Michigan’s 3rd Grade Reading Law: A Harmful Solution to the Literacy Crisis
Only one in two Michigan 3rd graders were proficient in reading at the end of 2015, according to the M-STEP, and this number is only decreasing (EdTrust Midwest, 2017). The MSTEP is the Michigan Student Test of Education Assessment, an annual standardized test for Michigan 3rd through 8th grade students intended to accurately measure student learning and achievement. Michigan is one of the few states with decreasing reading performance, which has sparked concern among stakeholders like researchers and policymakers who believe that students must stay at on grade level to be ready for lives as engaged citizens.
In 2016, the Michigan State Legislature passed HB 4822, also known as the 3rd grade reading law. This law created three major changes. First, effective immediately were two guaranteed years of funding to provide literacy coaches across the state. Over the two years, $80 million was spread across the state to encourage hiring more reading specialists. Second, the 3rd grade reading law created IRIPs, an Individualized Reading Intervention Plan for every student at-risk of scoring below proficiency on the year-end 3rd grade M-STEP.The IRIP is a twenty page template that teachers are expected to fill out for their students, which details a plan for how they will work with the student and family to bring the student up to grade level. Finally, and most disputed, is mandatory retention for all 3rd grade students who perform more than a grade level below on the M-STEP. Unless a studenth has an IEP, an Individual Education Plan for a learning disability, or is exempted by their school superintendent, every underperforming student will be held back.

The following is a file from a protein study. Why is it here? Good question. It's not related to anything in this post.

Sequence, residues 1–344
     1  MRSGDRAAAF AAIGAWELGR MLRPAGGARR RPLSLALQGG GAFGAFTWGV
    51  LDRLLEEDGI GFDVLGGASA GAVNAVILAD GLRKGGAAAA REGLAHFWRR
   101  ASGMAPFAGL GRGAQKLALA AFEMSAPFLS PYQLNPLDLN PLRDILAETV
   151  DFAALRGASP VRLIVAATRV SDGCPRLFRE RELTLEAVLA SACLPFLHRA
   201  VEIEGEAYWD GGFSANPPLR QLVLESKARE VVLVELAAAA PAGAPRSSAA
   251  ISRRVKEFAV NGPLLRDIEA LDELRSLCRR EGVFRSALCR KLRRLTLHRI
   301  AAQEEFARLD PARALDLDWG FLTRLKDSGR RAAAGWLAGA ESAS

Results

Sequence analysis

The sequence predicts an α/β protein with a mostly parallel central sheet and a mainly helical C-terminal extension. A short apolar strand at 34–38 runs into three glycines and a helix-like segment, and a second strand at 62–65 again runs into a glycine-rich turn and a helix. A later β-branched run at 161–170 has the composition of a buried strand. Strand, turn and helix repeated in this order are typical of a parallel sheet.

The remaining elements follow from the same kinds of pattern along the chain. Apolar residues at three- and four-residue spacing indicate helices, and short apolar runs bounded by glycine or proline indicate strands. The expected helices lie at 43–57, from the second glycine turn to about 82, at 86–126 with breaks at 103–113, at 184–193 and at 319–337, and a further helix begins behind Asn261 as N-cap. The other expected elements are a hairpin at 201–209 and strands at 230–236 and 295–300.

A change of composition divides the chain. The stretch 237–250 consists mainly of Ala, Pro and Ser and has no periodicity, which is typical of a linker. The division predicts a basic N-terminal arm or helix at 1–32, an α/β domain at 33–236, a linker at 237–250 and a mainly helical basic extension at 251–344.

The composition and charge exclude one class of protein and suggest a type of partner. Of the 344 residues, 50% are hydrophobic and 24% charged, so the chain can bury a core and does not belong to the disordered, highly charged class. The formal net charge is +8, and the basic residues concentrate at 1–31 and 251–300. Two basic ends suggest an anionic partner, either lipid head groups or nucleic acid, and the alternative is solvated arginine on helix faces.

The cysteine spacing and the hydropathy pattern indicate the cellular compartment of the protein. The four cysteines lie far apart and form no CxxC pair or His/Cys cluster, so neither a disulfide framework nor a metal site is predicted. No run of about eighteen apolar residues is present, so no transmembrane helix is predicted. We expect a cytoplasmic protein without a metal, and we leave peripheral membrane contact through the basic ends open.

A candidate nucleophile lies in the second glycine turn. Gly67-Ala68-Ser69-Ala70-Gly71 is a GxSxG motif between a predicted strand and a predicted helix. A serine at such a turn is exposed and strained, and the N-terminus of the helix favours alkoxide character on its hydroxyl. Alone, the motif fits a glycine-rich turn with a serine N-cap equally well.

Mandatory retention will not help Michigan students read better. Instead, it raises the stakes on the M-STEP without providing adequate resources to catch students up. In a educational system that does not effectively address the needs of low-income, minority, and English Language Learning students, holding them back as if they have the same opportunity as high SES students whose scores are also decreasin is unfairg. Mandatory retention is not an effective solution to low 3rd grade reading achievement. In fact, I argue that it is harmful, especially in the long run. I will discuss how the law came into existence in Michigan and compare it to other states. Based on this analysis, I recommend three different approaches to increasing reading achievement among Michigan students that do not rely on mandatory retention.
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